Data from World Health Organization - Curated by EPG Health - Date added 29 June 2018

 

Postnatal haemorrhage (PNH) is the loss of at least 500ml of blood after birth. It remains the most common cause of maternal mortality worldwide, responsible for around 30% of deaths, and disproportionately affects low- and middle-income countries. The main cause of PNH is an atonic uterus, where the loss of uterine muscle tone promotes blood flow; however, retained placental tissue, clotting disorders and tearing are also causes (Weeks, 2015).

Oxytocin is the current gold standard for PNH prophylaxis due to its established efficacy and safety. It is usually administered directly after delivery to encourage uterine contraction, clamping the blood vessels which reduces the probability of excessive bleeding (Mousa et al., 2014). However, oxytocin must be stored and transported between 2‒8°C as warmer temperatures degrade its efficacy, depriving women of the high-quality medicine they deserve. Ensuring the maintenance of the cold chain, from production to patient, is a challenging task, especially in remote areas of many developing countries where access to electricity or refrigeration may be sporadic at best (Widmer, 2018).

To help improve access to PNH prophylaxis, the World Health Organization (WHO), Merck for Mothers (a philanthropic initiative from Merck Sharp & Dohme) and Ferring Pharmaceuticals collaborated to explore the potential benefits of heat-stable carbetocin over the existing oxytocin therapy by setting up the CHAMPION clinical trial, the largest trial ever conducted in PNH (Ferring, 2018).

 
 

It will help to save many lives of mothers in lower income countries"

The results, published in the New England Journal of Medicine, demonstrated that heat-stable carbetocin, an analogue of oxytocin, is just as safe and effective as oxytocin for the prevention of PNH after vaginal birth. As the carbetocin doesn’t require a cold chain (it can be stored in 30°C heat and 75% humidity for 3 years), the logistical issues associated with refrigeration are removed, which ultimately means that a greater number of women could benefit from a more reliable and effective prophylaxis.

The trial studied nearly 30,000 women across 10 countries: Argentina, Egypt, India, Kenya, Nigeria, Singapore, South Africa, Thailand, Uganda and the United Kingdom. Either heat-stable carbetocin or oxytocin were randomly administered immediately after birth, with blood being collected for up to 2 hours following. The volume of blood loss was measured and patients characterised. Even though heat-stable carbetocin does not need to be refrigerated, both drugs were kept in cold storage to maintain double-blinding.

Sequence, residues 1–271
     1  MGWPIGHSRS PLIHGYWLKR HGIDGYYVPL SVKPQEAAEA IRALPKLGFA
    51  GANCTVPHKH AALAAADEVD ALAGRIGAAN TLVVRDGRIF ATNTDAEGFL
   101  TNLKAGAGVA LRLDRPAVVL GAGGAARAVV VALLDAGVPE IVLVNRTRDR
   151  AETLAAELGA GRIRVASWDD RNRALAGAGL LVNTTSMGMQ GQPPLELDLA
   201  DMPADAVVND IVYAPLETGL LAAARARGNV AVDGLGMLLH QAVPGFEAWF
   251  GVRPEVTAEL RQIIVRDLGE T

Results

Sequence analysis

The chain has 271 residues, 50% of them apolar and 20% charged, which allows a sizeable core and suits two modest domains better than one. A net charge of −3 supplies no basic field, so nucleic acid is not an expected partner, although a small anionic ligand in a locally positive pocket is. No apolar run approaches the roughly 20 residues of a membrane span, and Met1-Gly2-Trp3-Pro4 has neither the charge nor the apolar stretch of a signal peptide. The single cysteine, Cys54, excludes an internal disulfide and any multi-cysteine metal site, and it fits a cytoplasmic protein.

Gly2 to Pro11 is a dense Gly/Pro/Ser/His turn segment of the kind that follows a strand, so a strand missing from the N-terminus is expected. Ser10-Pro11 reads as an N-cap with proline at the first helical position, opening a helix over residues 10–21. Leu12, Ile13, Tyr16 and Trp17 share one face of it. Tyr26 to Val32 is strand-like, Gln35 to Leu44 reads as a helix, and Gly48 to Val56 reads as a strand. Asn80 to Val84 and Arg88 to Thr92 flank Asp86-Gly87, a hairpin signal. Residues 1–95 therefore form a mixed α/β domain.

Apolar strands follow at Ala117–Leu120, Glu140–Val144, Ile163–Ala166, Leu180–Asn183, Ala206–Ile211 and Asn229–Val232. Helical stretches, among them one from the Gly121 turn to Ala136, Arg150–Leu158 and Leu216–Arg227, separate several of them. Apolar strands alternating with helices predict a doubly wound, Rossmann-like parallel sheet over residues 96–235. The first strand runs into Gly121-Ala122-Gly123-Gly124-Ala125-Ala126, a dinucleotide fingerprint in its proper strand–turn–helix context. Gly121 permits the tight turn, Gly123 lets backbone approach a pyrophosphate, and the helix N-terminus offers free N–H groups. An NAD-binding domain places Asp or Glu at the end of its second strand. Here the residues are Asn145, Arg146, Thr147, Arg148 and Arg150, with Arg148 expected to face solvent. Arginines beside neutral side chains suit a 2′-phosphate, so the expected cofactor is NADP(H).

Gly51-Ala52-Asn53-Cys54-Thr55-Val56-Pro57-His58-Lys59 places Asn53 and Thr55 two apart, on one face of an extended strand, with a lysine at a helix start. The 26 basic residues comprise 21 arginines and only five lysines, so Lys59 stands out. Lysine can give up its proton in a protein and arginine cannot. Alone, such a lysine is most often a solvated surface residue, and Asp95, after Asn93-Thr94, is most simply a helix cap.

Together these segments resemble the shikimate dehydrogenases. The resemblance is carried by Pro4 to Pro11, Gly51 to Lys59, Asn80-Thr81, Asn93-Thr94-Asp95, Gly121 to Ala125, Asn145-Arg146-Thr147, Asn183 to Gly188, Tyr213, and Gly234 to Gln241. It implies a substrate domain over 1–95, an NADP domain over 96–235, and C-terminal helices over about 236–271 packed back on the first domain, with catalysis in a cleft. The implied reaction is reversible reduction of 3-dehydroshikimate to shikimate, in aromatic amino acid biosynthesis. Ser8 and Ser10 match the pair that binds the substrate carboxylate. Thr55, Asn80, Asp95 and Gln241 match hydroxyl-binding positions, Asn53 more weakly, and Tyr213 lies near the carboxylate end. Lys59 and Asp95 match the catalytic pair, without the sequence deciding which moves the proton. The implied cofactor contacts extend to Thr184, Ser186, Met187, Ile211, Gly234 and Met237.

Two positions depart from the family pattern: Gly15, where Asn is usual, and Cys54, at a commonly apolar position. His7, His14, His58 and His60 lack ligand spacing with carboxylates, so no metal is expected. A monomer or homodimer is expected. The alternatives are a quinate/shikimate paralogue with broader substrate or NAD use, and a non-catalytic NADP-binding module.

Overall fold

The results showed that heat-stable carbetocin demonstrated similar efficacy to oxytocin as a PNH prophylactic agent. The frequency of blood loss of at least 500 ml or the use of additional uterotonic agents was 14.5% in the carbetocin group and 14.4% in the oxytocin group, with blood loss of at least 1000 ml in 1.51% in the carbetocin group and 1.45% in the oxytocin group, demonstrating that carbetocin is not inferior to oxytocin.

Furthermore, the cold storage of oxytocin was maintained throughout the study, which may not be the case in the uncontrolled, real-world environment. This suggests that the trial results may have underestimated the benefit of carbetocin (Widmer, 2018).

“The development of a drug to prevent postpartum haemorrhage that continues to remain effective in hot and humid conditions is very good news for the millions of women who give birth in parts of the world without access to reliable refrigeration,” says Dr Metin Gülmezoglu from the Department of Reproductive Health and Research at the WHO. "It will help to save many lives of mothers in lower income countries where most deaths occur,” he added.

These results have led the WHO to review its guideline recommendations for the prevention of PNH.

Visit the upcoming European Society of Human Reproduction and Embryology (ESHRE) Annual Meeting in Barcelona, Spain from 1‒4 July, where the latest breakthroughs in reproductive health will be reported and discussed.

References

Ferring. Ferring Pharmaceuticals and MSD announce completion of largest clinical trial ever conducted in postpartum haemorrhage. 2018. Available from: https://www.ferring.com/en/media/press-releases/ferring-pharmaceuticals-and-msd-announce-completion-of-largest-clinical-trial-ever-conducted-in-postpartum-haemorrhage/ (accessed 28th June 2018).

Mousa HA, Blum J, Senoun GAE, et al. Treatment for primary postpartum haemorrhage. Cochrane Database of Systematic Reviews. 2014;(2):CD003249.

Weeks, A. The prevention and treatment of postpartum haemorrhage: what do we know, and where do we go to next? BJOG. 2015;122:202‒10.

Widmer M, Piaggio G, Nguyen TMH, et al. Heat-stable carbetocin versus oxytocin to prevent hemorrhage after vaginal birth. The New England Journal of Medicine. 2018 [Epub ahead of print].

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